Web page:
The reality is that you cannot afford to ignore the politics if you have any aspirations for advancement. Yes, hard work is important.  Yes, performance is important. That being said, once you reach a certain level of technical competence, politics is what makes the difference for your career success. This is especially important for women to understand. To our detriment, we continue to avoid workplace politics and set ourselves up to being blindsided and passed over for promotions.

Every organization has unique political dynamics. You have to be willing and capable of adapting in order to not only get ahead, but stay ahead.

So, how do you become politically savvy? You need to observe, listen, and ask questions.

Who is getting promoted and why?

With whom do they have relationships?

How are people rewarded in your organization?

What did they do to get noticed?

What types of behaviors are not rewarded?

Who can be your champion?

Who seems to be in “favor” and why?

Are there certain people who have access to the leadership team?

The willingness to accept the importance of workplace politics for your career advancement opens the door for you to learn how best to navigate the political landscape. It prepares you to learn the political skill necessary to thrive in your organization.

Here are the five things you must do to master the political realities of the workplace:

  1. Self-promote. You need to identify your value proposition; the unique way you do the work that contributes to successful business outcomes. This is the foundation of savvy self-promotion. Knowing your contribution to the business helps you to build relationships of trust and influence by aligning your value proposition with what others want and need.
  2. Observe the work environment. You need to develop keen observation skills to see beyond the organizational chart and identify who really has the power and influence.
  3. Build a strategic network. An expansive and strong network helps you to do your job better and also avoid blindsides. Relationships with influencers helps position you for success. Build and nurture relationships with people who can have a positive impact on your career.
  4. Find a sponsor. This is the fastest and most efficient way to navigate the politics and get to the top of your organization. A sponsor will protect you and promote you within the organization.
  5. Hire a coach. A coach helps you to understand your unique value proposition and shows you how to promote and position yourself across the organization with a sound strategic plan.

You must ask yourself where you would be today if you were more savvy and tuned into the way decisions are made in your company.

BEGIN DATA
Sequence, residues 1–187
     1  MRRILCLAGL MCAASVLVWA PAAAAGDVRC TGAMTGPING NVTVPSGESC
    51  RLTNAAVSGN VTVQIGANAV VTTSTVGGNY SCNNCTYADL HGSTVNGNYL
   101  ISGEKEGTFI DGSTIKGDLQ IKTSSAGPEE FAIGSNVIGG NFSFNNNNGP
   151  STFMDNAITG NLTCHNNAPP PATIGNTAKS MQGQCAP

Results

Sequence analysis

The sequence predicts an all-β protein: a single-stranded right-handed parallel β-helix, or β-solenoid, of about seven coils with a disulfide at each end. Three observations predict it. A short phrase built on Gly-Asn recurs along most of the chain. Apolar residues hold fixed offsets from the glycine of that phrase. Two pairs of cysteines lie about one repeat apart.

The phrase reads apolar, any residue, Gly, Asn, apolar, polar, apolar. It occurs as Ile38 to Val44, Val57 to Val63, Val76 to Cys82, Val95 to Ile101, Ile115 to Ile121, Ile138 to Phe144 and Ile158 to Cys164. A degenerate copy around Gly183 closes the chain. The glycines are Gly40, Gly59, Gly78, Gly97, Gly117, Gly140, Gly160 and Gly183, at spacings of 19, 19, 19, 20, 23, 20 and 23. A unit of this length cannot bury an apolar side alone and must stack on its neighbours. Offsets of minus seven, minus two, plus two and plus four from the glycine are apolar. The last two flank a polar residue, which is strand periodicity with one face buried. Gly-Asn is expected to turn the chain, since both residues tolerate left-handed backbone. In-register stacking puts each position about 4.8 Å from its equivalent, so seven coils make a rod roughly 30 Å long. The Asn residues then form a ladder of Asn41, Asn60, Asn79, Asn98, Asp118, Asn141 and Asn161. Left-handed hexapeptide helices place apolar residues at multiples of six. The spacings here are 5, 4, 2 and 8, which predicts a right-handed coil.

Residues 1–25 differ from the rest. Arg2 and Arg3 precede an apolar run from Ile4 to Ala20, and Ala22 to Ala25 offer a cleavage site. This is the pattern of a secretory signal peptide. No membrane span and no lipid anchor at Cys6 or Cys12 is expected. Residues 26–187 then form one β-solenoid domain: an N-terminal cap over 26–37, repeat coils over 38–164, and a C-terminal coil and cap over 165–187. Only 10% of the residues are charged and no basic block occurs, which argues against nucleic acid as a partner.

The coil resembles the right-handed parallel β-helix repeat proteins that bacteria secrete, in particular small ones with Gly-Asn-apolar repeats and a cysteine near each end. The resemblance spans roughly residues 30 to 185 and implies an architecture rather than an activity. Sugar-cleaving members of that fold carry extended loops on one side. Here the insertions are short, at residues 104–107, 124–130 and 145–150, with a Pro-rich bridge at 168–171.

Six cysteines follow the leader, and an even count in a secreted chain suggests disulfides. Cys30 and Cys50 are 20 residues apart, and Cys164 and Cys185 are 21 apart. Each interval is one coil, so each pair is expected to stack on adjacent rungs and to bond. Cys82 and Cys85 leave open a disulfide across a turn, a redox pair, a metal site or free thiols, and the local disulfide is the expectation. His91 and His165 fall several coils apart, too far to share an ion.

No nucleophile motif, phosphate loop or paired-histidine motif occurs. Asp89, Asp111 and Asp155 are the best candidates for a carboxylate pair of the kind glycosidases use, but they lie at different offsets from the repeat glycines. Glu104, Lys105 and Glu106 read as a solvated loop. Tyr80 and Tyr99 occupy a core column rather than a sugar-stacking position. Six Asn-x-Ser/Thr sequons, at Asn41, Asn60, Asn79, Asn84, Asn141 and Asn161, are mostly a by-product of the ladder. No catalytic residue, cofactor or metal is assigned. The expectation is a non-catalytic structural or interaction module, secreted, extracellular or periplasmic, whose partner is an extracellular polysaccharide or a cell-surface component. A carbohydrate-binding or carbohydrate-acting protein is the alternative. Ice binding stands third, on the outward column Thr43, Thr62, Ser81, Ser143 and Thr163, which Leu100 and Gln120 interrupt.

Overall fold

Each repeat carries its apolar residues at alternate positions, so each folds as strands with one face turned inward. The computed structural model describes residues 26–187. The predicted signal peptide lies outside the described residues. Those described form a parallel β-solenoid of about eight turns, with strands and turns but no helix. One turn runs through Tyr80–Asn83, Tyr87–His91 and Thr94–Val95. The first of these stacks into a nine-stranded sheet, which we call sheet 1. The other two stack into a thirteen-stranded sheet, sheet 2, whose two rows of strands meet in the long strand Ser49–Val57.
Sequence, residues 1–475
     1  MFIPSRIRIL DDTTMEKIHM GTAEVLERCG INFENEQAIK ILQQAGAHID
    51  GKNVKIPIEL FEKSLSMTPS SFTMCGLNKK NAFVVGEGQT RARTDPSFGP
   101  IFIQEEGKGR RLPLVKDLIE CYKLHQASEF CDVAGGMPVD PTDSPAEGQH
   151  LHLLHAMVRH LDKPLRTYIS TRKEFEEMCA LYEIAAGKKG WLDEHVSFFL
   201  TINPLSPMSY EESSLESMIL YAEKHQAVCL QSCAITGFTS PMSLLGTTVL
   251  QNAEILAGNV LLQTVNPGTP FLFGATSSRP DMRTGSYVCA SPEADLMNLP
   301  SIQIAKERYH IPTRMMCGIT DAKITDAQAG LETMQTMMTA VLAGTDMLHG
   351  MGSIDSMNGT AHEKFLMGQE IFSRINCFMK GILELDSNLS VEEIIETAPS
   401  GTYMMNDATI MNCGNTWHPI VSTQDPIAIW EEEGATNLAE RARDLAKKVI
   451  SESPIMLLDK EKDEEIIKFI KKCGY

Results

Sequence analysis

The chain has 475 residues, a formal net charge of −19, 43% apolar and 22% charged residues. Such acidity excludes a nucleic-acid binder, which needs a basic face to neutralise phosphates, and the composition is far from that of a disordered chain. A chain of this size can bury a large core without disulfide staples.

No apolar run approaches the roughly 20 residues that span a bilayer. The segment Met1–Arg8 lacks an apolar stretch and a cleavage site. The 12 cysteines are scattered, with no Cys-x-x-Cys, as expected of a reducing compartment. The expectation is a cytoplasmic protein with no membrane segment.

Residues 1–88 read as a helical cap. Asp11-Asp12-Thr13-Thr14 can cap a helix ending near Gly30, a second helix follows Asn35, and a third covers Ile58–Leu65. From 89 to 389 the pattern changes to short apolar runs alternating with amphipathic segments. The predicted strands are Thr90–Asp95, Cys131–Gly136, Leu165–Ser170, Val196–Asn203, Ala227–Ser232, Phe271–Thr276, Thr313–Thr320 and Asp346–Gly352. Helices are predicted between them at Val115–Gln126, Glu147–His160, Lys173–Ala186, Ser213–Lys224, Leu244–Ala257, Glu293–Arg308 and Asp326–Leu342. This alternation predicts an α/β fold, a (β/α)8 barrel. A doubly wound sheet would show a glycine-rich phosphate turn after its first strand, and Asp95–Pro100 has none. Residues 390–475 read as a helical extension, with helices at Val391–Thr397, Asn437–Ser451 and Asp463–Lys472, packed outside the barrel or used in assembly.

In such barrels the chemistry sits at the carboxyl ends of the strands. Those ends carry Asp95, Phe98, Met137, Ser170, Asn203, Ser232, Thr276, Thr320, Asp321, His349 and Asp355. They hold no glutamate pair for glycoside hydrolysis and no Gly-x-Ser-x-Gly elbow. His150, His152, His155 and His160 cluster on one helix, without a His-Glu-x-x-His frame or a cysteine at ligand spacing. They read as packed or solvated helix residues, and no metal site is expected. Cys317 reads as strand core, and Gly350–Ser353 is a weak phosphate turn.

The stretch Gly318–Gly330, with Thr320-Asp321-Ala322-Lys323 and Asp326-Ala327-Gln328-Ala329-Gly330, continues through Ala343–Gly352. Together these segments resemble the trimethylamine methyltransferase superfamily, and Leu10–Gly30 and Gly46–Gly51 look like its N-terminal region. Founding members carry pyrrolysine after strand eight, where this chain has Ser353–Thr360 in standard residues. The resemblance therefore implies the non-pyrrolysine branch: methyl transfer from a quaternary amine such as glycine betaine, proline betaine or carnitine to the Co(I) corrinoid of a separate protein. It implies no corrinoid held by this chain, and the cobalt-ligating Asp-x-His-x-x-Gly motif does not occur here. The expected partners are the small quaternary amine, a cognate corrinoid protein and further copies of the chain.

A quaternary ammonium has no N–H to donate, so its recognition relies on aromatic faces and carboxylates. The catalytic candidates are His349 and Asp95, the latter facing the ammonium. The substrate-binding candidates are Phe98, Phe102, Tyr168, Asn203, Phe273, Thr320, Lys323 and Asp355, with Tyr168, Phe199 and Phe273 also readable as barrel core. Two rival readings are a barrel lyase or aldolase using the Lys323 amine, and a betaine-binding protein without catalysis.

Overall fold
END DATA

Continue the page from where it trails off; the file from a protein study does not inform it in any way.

And most importantly, what is possible for you in the future if you are willing to learn how to effectively navigate the realities of the workplace?

 

Photo credit

About the Author: Bonnie Marcus is an executive coach, international speaker, writer and award-winning entrepreneur. Marcus runs the online platform “Women’s Success Coaching,” which Forbes listed as one of the top 100 websites for women three years in a row, and is the long-time  host of the CBS syndicated radio show “GPS Your Career: A Woman’s Guide to Success.” A regular Forbes contributor, Marcus has also been featured in The Wall Street Journal, CIO Magazine, Diversity MBA and WomenEntrepreneur. For more information visit www.womensuccesscoaching.com

 


{Career Advice} Making the Change

Posted on April 3rd, by a Guest Contributor in Career Advice. 1 Comment

In How Dorothy Got Her Groove Back, Dorothy Douglass talks about the things she did to help her re-find her love for her job and to improve her attitude at work. Dorothy was really lucky and the tips she shares are great but…what if you still can’t get back into the swing of things?

For example, do you want to stay in the HR field or do you want to take on a new challenge? Maybe the key is switching from an interpersonal oriented area of HR like Training to one that’s more task focused like working in Benefits and Compensation. If you do decide to “jump ship”, many HR professionals have used their skills to move into careers in political, administration and even financial fields.

Of course, if you do decide to go into a complementary field, you’re probably going to have to “go back to school” unless you want to start at the very bottom of your brand new field.

Consider Jamie. Jamie got her Bachelor’s Degree in HR and, right after graduation, was hired on in the benefits department of a local small business. After a few years she realized that while she loved the numbers part of her job, she didn’t like the company’s structure. She wanted more independence and to work more directly with people, so she decided to go into Financial Planning. More specifically, she decided to go into Investment Planning (there’s a fine line between the two).